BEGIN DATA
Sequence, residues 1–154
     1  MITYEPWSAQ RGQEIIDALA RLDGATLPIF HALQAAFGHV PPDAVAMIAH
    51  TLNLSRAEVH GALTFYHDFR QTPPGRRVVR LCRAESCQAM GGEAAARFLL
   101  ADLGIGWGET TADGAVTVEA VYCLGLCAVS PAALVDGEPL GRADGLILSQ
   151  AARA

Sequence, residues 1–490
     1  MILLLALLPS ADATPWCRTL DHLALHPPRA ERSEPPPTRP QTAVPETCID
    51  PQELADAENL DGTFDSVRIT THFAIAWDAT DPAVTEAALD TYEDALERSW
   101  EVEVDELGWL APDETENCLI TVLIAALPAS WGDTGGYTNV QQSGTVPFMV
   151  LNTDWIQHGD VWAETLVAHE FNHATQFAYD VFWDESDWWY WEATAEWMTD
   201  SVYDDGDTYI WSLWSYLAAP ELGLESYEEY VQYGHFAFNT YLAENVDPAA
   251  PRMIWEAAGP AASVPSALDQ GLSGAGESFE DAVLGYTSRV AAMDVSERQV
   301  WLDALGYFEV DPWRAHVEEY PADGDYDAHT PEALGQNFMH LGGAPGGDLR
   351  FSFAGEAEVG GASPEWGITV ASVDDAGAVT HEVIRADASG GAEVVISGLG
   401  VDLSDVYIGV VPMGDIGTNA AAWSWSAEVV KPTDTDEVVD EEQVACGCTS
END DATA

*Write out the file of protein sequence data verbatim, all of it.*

Sequence, residues 1–154
     1  MITYEPWSAQ RGQEIIDALA RLDGATLPIF HALQAAFGHV PPDAVAMIAH
    51  TLNLSRAEVH GALTFYHDFR QTPPGRRVVR LCRAESCQAM GGEAAARFLL
   101  ADLGIGWGET TADGAVTVEA VYCLGLCAVS PAALVDGEPL GRADGLILSQ
   151  AARA

Sequence, residues 1–490
     1  MILLLALLPS ADATPWCRTL DHLALHPPRA ERSEPPPTRP QTAVPETCID
    51  PQELADAENL DGTFDSVRIT THFAIAWDAT DPAVTEAALD TYEDALERSW
   101  EVEVDELGWL APDETENCLI TVLIAALPAS WGDTGGYTNV QQSGTVPFMV
   151  LNTDWIQHGD VWAETLVAHE FNHATQFAYD VFWDESDWWY WEATAEWMTD
   201  SVYDDGDTYI WSLWSYLAAP ELGLESYEEY VQYGHFAFNT YLAENVDPAA
   251  PRMIWEAAGP AASVPSALDQ GLSGAGESFE DAVLGYTSRV AAMDVSERQV
   301  WLDALGYFEV DPWRAHVEEY PADGDYDAHT PEALGQNFMH LGGAPGGDLR
   351  FSFAGEAEVG GASPEWGITV ASVDDAGAVT HEVIRADASG GAEVVISGLG
   401  VDLSDVYIGV VPMGDIGTNA AAWSWSAEVV KPTDTDEVVD EEQVACGCTS